In this particular case, Paul had taken the Corinthian church to task because they were allowing a terribly blatant sin to continue in their midst without dealing with it. (You can read I Corinthians for the details.) Their response wasn’t to just feel sorry. They didn’t sit around and mope and think about how much Paul was mad at them. No, they took action. They made changes. The status quo was no longer tolerated.
They started out with sorrow, but they took it further. It drove them to repentance. See the difference?
Today, people feel sorry, but that’s all that happens. “I’m sorry,” they say, but there’s no apparent change of personal direction.
In thinking through this post, I began to consider just how much repentance I do in my own life. I have my own set of problems and things that I struggle with as any normal human man does. I fight and I win, I fight and I fail. But, the other day, I realized that I’ve been spending too much time being ‘sorry’ and not enough time actually repenting. In my case, I knew what I needed. I needed a friend to talk to, someone I could share my struggles with that I could trust and who would help me.
Suddenly, I had a choice. I could continue to be sorry and just fight these things all by my lonesome. Or, I could change course and do the things that I knew I needed to do to truly repent. I could take the path of least resistance and continue the viscous cycle I was on, or I could do the harder thing and be open and honest, taking the needed actions to create change in my life.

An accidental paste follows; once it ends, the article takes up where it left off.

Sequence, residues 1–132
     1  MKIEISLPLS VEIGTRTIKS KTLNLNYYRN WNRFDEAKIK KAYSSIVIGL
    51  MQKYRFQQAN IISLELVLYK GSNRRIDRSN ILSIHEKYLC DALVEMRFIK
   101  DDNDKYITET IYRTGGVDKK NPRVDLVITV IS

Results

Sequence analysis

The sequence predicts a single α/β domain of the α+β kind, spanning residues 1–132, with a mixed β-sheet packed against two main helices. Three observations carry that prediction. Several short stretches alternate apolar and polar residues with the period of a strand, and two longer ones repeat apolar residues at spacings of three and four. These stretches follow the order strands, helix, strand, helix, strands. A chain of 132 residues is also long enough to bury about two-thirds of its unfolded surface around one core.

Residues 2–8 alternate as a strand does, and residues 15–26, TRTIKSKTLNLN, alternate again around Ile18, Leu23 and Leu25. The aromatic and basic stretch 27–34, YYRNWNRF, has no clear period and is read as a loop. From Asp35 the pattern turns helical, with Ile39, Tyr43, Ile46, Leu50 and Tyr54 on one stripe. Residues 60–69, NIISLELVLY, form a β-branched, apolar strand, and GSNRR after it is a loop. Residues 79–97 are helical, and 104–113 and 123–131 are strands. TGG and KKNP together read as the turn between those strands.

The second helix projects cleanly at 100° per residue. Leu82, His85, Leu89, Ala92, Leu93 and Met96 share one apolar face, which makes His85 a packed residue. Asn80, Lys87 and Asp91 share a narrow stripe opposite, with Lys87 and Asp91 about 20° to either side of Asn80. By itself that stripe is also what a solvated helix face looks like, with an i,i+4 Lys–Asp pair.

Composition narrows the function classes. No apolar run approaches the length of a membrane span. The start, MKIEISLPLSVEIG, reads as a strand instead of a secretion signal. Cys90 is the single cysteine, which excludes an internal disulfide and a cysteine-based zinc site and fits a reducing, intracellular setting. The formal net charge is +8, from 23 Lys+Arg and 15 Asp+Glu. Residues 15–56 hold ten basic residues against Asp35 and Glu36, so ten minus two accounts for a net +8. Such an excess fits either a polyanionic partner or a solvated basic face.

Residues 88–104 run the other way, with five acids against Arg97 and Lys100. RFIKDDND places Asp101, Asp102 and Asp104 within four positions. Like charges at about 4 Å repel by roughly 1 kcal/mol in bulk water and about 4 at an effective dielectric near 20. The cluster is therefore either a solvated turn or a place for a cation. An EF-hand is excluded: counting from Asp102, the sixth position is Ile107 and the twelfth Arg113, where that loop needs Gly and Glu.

Which would it be?
I headed up the more difficult road of repentance. Last weekend, I spent some time with one of my best friends in all the world. I asked him if we could be what used to be called “prayer partners.” I let him know that I needed someone in my life that I could talk to, and someone who would understand and help me to be who I needed to be. It was such a very encouraging and refreshing time.
What about you? What is your course of action?
See, here’s the thing. If you are going to repent, you can’t do it under the cover of darkness. You can’t repent in secret. If you are going to do it, it needs to be apparent, out in the open, obvious.
John (the Baptist) said to the crowds coming out to be baptized by him, “You brood of vipers! Who warned you to flee from the coming wrath? Produce fruit in keeping with repentance. And do not begin to say to yourselves, ‘We have Abraham as our father.’ For I tell you that out of these stones God can raise up children for Abraham. The ax is already at the root of the trees, and every tree that does not produce good fruit will be cut down and thrown into the fire.”
“What should we do then?” the crowd asked.
John answered, “The man with two tunics should share with him who has none, and the one who has food should do the same.”
Tax collectors also came to be baptized. “Teacher,” they asked, “What should we do?”
“Don’t collect any more than you are required to,” he told them.
Then some soldiers asked him, “And what should we do?”
He replied, “Don’t extort money and don’t accuse people falsely—be content with your pay.”
Trees do not bear fruit in secret. Real change can be seen.
Repentance is a simple concept.
For those just responding to the Grace of God found in Jesus Christ...
A. Realize you are on the wrong track
B. Decide to change tracks
That is repentance.
The question is, are YOU ready to change?
Next topic: Baptism